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53 Items on Covington Commission's Agenda Tuesday

Just weeks after a four hour-long meeting, the Covington City Commission will faces yet another lengthy night of votes Tuesday with an agenda that includes fifty-three items that includes hirings, firings, development deals, and more. Here are the highlights:


  • Code enforcement: The City has reached a separation agreement with the employees being let go from the code enforcement department. Additionally, the city commission will hear a first reading of the ordinance that establishes a fee schedule for the Northern Kentucky Area Planning commission which will be taking over building and electric permits for the city. The city commission will vote on an interlocal agreement between the city and the NKAPC "to provide a mechanism to combine efforts and resources for the administration of the uniform state building codeattendant national electric code, and other local ordinances when the violation of them has been deemed a civil offense." There will also be a first reading for a change in the criminal nuisance code that adds crimes involving alcohol intoxication, menacing, assault, terroristic threatening, and resisting arrest to the enforcement responsibilities of the community services manager.
  • Mike Yeager, assistant city engineer, will be appointed community services manager.
  • Covington Police: The number of sergeants will be reduced from fifteen to fourteen (second reading of ordinance) and the number of captains will be reduced from four to three (first reading of ordinance). Bryan Carter will be named assistant chief of police. A police cadet will become a part-time Devou Park ranger.
  • Dispatch: The City has reached an agreement with AFSCME, the union representing the dispatchers who formerly worked in Covington but are now employed by the county. Dispatcher Jim Gardner will retire. 
  • Separation of employment in the community development department (the agenda is not clear on which positions are being eliminated).
  • New department structure at City Hall will be voted on. Various job descriptions will also be voted on involving the newly created positions in the community services division, the programs and strategic projects division, business development division, marketing and communications division, 
  • Frank Warnock, city solicitor, will be appointed assistant city manager for administration.
  • Natalie Gardner, formerly director of recreation, will be appointed programs and strategic projects manager.
  • Suzann Getty, formerly the city ombudsman, will be appointed business assistance specialist
  • Other new hires or new positions includes Naashom Marx as business development manager, Cindy Swegles as recreation specialist, and a job description to be adopted for the forthcoming fire marshall.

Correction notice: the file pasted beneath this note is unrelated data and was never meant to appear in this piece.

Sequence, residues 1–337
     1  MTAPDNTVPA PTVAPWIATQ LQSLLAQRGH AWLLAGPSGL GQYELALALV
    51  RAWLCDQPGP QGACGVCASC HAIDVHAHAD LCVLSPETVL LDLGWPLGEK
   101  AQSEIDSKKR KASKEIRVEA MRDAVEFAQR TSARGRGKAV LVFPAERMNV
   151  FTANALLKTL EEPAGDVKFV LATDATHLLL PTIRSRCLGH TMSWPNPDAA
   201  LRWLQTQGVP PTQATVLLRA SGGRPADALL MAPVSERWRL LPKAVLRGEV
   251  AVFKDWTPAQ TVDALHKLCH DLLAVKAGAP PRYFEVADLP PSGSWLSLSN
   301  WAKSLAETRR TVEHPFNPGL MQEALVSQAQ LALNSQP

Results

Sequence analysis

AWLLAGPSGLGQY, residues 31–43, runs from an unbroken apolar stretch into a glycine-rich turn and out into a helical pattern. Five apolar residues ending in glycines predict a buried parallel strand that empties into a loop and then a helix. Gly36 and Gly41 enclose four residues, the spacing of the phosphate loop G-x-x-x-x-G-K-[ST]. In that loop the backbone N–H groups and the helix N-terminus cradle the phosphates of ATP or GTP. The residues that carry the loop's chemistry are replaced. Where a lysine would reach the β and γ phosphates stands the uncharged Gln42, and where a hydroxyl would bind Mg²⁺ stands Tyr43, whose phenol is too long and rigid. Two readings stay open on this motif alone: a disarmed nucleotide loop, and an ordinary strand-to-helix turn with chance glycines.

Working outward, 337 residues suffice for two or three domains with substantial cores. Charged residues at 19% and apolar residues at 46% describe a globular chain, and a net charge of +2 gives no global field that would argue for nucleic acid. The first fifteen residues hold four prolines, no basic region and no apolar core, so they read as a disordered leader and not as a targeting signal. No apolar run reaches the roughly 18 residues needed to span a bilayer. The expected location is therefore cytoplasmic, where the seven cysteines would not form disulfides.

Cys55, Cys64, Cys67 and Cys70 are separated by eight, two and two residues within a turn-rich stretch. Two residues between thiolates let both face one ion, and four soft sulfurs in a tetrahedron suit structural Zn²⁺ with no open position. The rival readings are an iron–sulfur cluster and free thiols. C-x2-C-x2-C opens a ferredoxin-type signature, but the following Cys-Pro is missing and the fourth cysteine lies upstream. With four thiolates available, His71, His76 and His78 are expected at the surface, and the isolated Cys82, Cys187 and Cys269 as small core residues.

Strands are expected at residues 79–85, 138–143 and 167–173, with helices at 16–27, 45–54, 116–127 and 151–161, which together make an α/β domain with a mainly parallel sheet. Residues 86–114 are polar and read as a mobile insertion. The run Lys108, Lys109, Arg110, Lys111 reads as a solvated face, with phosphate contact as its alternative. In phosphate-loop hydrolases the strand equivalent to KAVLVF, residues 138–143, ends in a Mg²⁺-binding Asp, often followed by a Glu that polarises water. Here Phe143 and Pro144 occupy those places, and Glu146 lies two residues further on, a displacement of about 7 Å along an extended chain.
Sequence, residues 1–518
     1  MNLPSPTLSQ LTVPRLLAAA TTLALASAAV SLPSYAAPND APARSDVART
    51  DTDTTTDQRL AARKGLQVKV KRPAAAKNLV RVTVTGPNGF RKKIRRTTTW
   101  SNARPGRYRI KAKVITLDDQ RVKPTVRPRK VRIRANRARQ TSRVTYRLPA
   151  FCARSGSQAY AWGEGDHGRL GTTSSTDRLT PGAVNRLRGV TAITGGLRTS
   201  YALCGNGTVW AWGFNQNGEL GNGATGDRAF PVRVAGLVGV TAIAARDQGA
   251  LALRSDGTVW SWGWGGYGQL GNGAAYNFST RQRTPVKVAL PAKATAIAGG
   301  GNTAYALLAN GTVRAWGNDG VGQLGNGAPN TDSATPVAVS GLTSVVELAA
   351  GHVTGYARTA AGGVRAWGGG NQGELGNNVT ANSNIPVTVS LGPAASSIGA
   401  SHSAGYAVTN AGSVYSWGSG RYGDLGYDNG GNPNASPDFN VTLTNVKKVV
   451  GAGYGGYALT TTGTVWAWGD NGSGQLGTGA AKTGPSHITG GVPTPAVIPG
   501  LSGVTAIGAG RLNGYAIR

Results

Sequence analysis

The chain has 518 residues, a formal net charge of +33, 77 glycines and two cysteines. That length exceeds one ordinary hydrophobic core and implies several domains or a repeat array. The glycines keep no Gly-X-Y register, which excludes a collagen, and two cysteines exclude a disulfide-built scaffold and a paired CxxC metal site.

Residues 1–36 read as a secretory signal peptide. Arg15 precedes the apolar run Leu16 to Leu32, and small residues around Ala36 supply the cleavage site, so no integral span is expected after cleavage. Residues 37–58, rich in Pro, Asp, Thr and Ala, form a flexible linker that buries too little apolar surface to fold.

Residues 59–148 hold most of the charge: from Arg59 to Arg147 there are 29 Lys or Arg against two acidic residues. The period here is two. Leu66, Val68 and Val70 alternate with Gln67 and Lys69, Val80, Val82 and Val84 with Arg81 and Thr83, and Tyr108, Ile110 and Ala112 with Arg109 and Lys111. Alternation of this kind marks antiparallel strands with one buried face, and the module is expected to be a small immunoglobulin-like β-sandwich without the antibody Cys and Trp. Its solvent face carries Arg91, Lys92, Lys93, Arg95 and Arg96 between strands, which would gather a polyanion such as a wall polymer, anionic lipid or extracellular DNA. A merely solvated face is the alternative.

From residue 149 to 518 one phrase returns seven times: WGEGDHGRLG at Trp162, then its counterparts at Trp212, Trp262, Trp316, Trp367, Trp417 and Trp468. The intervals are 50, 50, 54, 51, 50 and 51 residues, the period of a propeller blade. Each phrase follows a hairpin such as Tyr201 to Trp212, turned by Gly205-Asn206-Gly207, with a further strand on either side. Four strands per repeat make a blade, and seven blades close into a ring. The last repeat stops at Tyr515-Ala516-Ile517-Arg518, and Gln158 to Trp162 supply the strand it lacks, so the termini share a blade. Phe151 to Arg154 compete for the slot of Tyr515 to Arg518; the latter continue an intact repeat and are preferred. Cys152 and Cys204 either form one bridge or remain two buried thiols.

• Some employees will be reassigned such as the solid waste coordinator to the department of public improvements and the elimination of the building inspector position and the transfer of that employee to the department of development as a code enforcement officer.

Aside from personnel issues, there are many other items on the agenda of great significance:

  • Demolition of 24 City-owned properties and 25 privately owned properties will likely be authorized. The properties in question are among those deemed unsfae, unhealthy, and hazardous to the public. This action will require the approval of the state historic preservation office and the Kentucky Heritage Council.
  • The streets of City Heights will formally go under the control of the Housing Authority of Covington
  • Development of 409-415 Scott Boulevard will be voted on with a preferred development agreement between the city, which owns the property (pictured in this article) and RAH Realty
  • Development agreement between the City and Megacorp Logistics for business recruitment incentives as part of Kentucky's business incentive program

Other items on the agenda:

  • The County and Sanitation District 1 will have an agreement for an employee health clinic 
  • Northern Kentucky solid waste management plan could be adopted for a five-year period.
  • Firefighters: One firefighter will resign while twelve others are up for raises. The city will also likely approve a $35,000 expenditure to replace the engine in one of the fire trucks.
  • RiverCenter Garage light fixtures will be replaced at a cost of nearly $26,000.
  • Bill Dorsey will resign from the Alcoholic Beverage Control Board and John Kidd will resign from the audit committee
  • Devou Park Golf Course management contract will be extended for Billy Casper Golf
  • Center for Great Neighborhoods will get $35,000 of the city's federal money for its Place Matters Grant program
  • Halloween will be set for October 31 in the city from 6:00PM-8:00PM

PHOTO: Building at 409-415 Scott Boulevard slated for redevelopment/RCN file

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